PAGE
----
Chamomile: Shelter from the Storm
Rosemary Gladstar, author of Herbs for Reducing Stress & Anxiety (Storey Books; 1999; $8.95) and director of Sage Mountain Herbal Retreat Center and Native Plant Preserve, in East Barre, Vt., cites chamomile as one of her all-time favorite botanicals. "Many Americans believe chamomile to be a fairly weak remedy, because it's safe for animals, infants, and elders, but in actuality chamomile is as powerful as it is gentle on the body," Gladstar notes. She prescribes chamomile for skin irritations and eyewashes, as well as for nervous and digestive complaints. "If a client is under serious stress, I recommend that she soak in chamomile baths once or twice a week. To treat mild stress, I suggest sipping chamomile tea throughout the day," says Gladstar (see "A Relaxing Tea & Bath," below ).
Chamomile owes its anti-inflammatory properties to the compound azulen, a principal component of the herb's beautiful blue essential oil. Add the oil to a warm bath to soften the skin and induce relaxation or apply it topically along with lavender oil at the nape of the neck and on the temples to help relieve headaches. Lukewarm chamomile tea, administered with a sterile eyedropper as an eyewash, can revive tired, bloodshot eyes and treat mild conjunctivitis. To reduce puffy eyes, place a warmed chamomile tea bag directly on closed eyes for several minutes.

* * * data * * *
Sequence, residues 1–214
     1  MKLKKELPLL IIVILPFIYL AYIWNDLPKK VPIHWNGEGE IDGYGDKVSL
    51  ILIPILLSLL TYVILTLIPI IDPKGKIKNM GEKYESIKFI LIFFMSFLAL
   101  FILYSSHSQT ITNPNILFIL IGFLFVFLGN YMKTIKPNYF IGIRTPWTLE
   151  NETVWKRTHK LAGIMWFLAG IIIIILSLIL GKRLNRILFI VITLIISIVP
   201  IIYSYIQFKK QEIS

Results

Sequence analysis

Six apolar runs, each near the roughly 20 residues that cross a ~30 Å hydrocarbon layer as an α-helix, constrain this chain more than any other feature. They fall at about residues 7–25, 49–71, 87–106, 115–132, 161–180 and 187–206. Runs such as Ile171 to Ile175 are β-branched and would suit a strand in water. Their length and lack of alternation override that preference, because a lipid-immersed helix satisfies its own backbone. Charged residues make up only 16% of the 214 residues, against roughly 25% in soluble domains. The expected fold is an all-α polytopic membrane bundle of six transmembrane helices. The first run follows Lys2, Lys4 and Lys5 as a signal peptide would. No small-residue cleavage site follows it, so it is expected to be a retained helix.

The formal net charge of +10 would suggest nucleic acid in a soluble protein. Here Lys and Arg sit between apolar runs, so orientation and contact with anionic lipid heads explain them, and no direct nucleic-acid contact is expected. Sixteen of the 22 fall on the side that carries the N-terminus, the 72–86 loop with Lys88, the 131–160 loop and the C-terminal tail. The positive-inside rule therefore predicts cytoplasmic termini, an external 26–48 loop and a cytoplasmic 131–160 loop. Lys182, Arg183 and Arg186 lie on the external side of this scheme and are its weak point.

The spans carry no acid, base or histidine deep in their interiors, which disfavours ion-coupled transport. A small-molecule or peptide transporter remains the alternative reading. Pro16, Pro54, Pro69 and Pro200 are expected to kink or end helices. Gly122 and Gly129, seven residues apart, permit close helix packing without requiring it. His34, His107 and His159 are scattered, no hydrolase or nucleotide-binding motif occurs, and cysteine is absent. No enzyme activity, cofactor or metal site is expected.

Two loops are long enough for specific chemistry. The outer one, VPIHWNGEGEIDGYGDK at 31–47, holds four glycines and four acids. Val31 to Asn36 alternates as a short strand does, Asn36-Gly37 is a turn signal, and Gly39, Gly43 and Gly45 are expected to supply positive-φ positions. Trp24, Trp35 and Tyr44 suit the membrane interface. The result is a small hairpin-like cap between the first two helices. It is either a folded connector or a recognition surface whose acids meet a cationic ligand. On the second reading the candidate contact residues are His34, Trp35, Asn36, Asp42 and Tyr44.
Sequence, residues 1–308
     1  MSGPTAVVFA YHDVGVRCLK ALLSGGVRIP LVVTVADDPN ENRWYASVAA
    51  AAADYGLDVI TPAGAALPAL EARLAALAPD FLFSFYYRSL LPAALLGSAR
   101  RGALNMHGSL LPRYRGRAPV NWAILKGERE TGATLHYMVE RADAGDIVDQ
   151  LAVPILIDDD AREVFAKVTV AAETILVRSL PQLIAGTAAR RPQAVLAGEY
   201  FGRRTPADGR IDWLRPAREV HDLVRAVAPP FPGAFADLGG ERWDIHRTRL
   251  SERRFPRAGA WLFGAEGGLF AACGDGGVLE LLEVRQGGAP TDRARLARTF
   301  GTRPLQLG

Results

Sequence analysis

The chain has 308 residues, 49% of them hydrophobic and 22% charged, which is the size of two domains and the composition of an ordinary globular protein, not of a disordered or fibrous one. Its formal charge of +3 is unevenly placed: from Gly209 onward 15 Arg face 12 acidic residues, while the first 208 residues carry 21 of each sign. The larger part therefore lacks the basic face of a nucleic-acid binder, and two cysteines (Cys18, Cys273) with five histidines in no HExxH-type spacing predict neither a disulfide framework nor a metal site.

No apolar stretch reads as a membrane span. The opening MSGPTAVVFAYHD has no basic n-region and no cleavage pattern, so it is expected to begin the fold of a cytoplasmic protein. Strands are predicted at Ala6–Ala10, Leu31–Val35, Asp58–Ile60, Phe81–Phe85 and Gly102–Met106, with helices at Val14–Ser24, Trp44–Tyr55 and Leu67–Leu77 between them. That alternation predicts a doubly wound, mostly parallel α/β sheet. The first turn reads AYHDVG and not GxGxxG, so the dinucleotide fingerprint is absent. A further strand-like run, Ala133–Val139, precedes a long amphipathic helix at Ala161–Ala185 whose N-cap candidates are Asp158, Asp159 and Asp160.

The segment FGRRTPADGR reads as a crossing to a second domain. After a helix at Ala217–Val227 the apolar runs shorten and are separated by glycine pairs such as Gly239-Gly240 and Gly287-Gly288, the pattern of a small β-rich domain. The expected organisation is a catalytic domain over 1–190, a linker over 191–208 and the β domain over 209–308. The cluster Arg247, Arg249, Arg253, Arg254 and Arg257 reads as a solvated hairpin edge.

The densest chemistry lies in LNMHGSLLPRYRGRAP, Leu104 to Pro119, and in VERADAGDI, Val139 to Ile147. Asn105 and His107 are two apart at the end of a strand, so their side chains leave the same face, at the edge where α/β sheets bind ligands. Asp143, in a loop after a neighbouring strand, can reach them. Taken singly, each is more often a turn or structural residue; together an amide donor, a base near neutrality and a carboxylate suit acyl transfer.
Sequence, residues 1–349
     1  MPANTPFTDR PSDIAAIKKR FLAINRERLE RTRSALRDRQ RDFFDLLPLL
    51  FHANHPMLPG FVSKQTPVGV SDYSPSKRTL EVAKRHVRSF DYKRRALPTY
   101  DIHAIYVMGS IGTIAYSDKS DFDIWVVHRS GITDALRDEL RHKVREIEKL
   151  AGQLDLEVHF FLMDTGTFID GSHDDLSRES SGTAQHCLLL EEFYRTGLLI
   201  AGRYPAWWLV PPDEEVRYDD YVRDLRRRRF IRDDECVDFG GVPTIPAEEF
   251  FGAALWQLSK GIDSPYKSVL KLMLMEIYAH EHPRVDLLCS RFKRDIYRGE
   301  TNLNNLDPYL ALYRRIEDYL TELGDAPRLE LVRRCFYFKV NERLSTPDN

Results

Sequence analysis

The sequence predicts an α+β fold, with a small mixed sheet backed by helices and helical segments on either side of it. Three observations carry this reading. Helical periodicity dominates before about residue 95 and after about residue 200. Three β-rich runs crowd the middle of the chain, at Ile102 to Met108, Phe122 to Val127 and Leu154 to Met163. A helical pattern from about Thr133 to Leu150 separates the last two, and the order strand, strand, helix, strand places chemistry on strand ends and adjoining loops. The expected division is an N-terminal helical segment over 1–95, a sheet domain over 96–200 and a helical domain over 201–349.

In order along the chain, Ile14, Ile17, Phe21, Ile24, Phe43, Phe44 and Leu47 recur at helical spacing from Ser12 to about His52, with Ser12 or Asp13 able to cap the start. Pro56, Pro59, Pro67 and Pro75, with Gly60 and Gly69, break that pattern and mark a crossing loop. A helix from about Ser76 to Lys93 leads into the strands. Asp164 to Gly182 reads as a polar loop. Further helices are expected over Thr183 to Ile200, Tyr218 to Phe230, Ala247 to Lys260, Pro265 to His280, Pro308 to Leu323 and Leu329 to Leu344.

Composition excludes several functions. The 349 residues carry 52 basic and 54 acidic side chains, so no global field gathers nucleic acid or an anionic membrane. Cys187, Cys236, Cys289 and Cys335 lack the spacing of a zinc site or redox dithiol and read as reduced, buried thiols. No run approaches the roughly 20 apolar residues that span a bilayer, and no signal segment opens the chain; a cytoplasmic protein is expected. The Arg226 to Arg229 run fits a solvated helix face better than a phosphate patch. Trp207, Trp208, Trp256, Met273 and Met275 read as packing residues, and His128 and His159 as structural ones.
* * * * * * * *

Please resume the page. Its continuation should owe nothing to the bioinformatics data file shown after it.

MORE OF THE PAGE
Barbara Close, founder of the holistic spa Naturopathica, recommends applying a cold compress of chamomile oil and fresh peppermint leaves to soothe skin following too much sun exposure. Her book, Well Being: Rejuvenating Recipes for Body and Soul (Chronicle; $18.95), offers recipes for this and other seasonal herbal treatments, including an aromatic chamomile herbal bath bouquet and a chamomile face serum for nourishing dry skin.
Look for chamomile the next time you go shopping. The flower's widespread popularity has made it available at most local supermarkets. Keep it on hand, experiment, and add it to your list of favorite herbal remedies.
A Relaxing Tea & Bath
General dosage for chamomile tea is 1 teaspoon per cup of water; steep for five to 10 minutes. The longer chamomile steeps, the more powerful its calming effects. According to Vermont author and herbalist Rosemary Gladstar, after about 10 minutes of steeping, chamomile's bitter properties are released, making it an excellent anti-inflammatory aid and digestive, soothing stomach irritations as well as easing the symptoms of premenstrual syndrome.